Lives of the fellows

Peter Hudgson

b.3 February 1936 d.17 February 2005
MB BS Melbourne(1958) MRACP(1963) MRCP(1970) FRACP(1971) FRCP(1978)

Peter Hudgson, consultant neurologist at Newcastle upon Tyne, was a remarkable and memorable man. I well recall receiving an enthusiastic letter recommending him for an appointment at the Newcastle General Hospital from my old friend Arthur Schweiger, who was head of neurology at Prince Henry's Hospital in Melbourne and at Monash University. He said that this chap was a bright young doctor of ebullient and forceful personality, who also had considerable clinical, declamatory and teaching skills. How right he was! After junior hospital appointments in Melbourne, Peter came to Newcastle upon Tyne in 1964, and soon made a notable impression, not only because of his clinical skills, but also because of his remarkable personality. Throughout his career, he worked hard and played hard, and no one who met him could forget having done so in view of his lively, cheerful and extroverted attitude to life. He was also, however, a kind, caring and compassionate doctor, and an able research worker, particularly in the fields of histopathology and electron microscopy.

Educated at Box Hill Grammar School in Melbourne and then at the university there, he graduated in 1958 and subsequently worked as a junior resident medical officer, a senior resident, a registrar in pathology, and finally as a senior medical registrar, during which time he achieved not only a broad understanding of general internal medicine, but also special expertise in neurological diagnosis, investigation and management. On his arrival in Newcastle, he worked first for four months as a senior house officer and then for the next year as a registrar in neurology, during which period he began to take an increasing interest in the programme of neuromuscular disease which was being conducted in the department at that time.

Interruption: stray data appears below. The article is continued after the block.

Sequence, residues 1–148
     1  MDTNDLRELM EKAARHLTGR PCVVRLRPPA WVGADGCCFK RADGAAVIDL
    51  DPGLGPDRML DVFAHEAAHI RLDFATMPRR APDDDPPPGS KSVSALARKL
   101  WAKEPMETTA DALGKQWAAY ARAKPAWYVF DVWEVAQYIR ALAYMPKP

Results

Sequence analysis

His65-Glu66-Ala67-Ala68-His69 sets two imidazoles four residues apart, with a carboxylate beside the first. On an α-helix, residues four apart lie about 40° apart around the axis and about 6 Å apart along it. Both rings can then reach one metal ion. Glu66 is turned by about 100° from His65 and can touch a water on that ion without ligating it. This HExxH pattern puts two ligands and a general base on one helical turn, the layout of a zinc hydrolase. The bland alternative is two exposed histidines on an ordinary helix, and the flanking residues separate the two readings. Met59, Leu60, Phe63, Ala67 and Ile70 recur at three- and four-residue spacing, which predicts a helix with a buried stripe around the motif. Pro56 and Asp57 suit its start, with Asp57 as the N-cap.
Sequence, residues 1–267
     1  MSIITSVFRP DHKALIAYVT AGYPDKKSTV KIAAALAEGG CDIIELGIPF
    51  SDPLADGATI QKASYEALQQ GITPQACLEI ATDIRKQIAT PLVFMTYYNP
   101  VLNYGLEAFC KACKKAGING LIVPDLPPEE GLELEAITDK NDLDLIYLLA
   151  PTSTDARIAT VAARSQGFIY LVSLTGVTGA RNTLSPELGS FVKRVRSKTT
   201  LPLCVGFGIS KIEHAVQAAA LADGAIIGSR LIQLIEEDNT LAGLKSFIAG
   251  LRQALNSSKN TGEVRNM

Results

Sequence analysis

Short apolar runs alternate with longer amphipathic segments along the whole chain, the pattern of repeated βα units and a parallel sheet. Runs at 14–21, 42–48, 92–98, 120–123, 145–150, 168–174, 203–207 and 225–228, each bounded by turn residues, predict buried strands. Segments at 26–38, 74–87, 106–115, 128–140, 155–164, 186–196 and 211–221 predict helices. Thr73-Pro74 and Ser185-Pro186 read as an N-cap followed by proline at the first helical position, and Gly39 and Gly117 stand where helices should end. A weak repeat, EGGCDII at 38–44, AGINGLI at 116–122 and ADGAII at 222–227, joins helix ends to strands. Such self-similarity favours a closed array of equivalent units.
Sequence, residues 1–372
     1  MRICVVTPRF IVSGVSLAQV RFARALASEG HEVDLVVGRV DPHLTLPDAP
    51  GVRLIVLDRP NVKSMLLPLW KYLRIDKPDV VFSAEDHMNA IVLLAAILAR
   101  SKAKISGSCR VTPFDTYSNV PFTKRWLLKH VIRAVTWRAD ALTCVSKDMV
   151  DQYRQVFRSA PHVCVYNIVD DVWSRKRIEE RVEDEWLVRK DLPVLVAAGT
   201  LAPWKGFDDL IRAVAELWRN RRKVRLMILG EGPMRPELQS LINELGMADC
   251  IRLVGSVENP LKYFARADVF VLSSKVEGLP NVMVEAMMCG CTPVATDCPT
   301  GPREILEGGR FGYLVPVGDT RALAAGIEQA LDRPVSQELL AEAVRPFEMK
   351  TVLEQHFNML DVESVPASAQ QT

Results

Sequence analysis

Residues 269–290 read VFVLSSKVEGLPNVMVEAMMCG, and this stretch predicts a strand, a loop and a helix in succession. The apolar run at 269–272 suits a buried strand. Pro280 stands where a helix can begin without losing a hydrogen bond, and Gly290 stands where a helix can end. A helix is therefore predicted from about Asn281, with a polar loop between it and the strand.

While he was a capable and enthusiastic registrar, there were many occasions when his liveliness and irreverence broke through. One such occasion occurred when I arrived early one Friday afternoon for my ward round, and was waiting for the junior staff to complete their round which invariably preceded mine, when I heard a loud Australian voice coming down the corridor saying, "Sister, has his bloody majesty arrived yet?"

In April 1965, because of his interest in research, he was appointed research associate and honorary senior registrar in neurology at the Newcastle General Hospital, and worked on tissue culture of normal and dystrophic muscle and on electron microscopic and histochemical studies of tissue obtained from patients with various muscular dystrophies and other myopathies. For one year, in order to complete his clinical training, he moved to the Royal Victoria Infirmary in Newcastle as first assistant in neurology to Henry Miller, and undertook a major programme of undergraduate and postgraduate teaching, as well as conducting a weekly outpatient clinic at Sunderland General Hospital and also many ward consultations on behalf of his chief in Sunderland and in Newcastle.